Summary and Info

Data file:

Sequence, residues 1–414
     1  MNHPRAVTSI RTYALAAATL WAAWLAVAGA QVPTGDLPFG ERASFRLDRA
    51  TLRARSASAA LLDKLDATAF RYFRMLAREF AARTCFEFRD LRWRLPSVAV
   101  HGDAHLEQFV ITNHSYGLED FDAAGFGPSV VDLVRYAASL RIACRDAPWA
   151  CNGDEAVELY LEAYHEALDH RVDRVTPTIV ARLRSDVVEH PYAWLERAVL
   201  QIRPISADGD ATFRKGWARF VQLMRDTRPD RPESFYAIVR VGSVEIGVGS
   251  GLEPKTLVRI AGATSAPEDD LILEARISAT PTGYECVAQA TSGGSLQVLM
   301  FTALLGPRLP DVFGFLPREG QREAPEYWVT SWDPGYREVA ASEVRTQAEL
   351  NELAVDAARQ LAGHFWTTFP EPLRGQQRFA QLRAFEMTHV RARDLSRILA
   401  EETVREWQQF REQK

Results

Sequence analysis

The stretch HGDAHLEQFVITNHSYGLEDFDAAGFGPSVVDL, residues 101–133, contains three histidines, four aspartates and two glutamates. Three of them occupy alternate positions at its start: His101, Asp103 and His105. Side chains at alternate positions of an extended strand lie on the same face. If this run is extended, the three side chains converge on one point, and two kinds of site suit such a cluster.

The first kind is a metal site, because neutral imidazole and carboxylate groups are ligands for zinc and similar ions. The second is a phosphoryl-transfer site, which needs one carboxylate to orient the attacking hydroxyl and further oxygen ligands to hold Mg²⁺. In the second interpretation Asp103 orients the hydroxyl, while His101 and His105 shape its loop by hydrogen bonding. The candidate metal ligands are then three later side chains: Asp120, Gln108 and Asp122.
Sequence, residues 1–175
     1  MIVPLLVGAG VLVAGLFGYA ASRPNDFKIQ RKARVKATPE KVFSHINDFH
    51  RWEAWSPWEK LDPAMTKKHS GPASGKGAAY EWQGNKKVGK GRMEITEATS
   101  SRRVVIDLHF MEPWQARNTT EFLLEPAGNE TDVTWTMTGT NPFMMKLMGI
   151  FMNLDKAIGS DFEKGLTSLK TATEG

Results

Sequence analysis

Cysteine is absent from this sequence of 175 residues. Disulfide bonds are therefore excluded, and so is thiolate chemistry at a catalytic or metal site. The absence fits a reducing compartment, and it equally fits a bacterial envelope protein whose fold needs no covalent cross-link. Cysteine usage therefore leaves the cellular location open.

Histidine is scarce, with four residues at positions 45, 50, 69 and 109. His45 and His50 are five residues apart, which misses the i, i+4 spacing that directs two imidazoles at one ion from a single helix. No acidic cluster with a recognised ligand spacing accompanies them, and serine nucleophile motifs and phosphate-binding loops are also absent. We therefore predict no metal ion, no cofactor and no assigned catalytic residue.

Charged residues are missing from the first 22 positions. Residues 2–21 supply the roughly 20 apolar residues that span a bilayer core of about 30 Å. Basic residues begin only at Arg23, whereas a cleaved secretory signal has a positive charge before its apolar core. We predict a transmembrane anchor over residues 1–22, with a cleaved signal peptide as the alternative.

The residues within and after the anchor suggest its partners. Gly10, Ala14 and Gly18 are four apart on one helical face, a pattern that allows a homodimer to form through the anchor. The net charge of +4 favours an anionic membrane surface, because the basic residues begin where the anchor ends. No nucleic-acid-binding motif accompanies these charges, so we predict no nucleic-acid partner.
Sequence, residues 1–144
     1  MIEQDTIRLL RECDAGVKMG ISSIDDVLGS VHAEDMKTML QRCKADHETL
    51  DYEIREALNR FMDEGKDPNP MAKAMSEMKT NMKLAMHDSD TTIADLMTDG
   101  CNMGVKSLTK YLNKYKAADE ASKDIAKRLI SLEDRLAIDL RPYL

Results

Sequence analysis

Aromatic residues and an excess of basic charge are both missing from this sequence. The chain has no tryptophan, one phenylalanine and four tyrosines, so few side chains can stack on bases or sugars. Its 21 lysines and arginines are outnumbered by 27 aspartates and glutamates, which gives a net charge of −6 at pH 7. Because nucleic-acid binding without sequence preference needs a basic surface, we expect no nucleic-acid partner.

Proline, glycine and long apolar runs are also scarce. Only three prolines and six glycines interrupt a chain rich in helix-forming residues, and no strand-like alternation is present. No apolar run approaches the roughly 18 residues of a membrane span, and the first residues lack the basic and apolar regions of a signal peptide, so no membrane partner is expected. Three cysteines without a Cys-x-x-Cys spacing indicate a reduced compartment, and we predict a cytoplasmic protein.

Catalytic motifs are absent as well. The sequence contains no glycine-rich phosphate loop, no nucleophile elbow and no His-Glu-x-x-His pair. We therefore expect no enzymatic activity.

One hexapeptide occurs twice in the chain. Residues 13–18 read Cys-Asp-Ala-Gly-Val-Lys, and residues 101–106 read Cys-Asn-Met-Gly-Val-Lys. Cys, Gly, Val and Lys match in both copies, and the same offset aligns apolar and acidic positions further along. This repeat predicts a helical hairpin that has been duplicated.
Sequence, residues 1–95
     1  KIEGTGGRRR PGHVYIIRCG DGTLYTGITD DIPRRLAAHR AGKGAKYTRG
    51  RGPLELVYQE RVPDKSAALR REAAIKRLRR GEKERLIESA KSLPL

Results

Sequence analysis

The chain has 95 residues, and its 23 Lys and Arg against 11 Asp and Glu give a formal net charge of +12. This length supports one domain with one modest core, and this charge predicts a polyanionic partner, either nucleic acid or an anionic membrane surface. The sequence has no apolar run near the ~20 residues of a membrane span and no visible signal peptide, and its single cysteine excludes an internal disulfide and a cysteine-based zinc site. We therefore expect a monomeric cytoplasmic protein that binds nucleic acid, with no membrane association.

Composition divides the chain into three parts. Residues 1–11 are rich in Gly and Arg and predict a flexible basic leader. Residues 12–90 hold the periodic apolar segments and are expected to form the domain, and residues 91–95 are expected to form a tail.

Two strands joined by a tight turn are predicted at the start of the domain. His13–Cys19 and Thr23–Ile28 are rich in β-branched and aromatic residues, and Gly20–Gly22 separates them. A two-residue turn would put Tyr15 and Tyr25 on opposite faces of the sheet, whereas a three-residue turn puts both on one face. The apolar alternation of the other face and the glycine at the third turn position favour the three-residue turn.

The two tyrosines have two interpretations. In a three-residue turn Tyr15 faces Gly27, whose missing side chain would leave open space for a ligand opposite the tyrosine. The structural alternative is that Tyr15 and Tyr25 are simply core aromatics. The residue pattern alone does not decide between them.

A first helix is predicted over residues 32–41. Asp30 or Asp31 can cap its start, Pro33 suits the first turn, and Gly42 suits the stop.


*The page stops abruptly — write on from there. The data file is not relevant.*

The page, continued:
Constraints on freedom, education, and individual dignity have always been fundamental in determining who is able to write, when, and where. Taking the singular instance of the African American writer to heart, William W. Cook and James Tatum here argue that African American literature did not develop apart from canonical Western literary traditions but instead grew out of those literatures, even as it adapted and transformed the cultural traditions and religions of Africa and the African diaspora along the way. Tracing the interaction between African American writers and the literatures of ancient Greece and Rome, from the time of slavery and its aftermath to the civil rights era through the present, the authors offer a sustained and lively discussion of the life and work of Phillis Wheatley, Frederick Douglass, Ralph Ellison, and Rita Dove, among other highly acclaimed poets, novelists, and scholars. Assembling this brilliant and diverse group of African American writers at a moment when our reception of classical literature is ripe for change, the authors paint an unforgettable portrait of our own reception of “classic” writing, especially as it was inflected by American racial politics.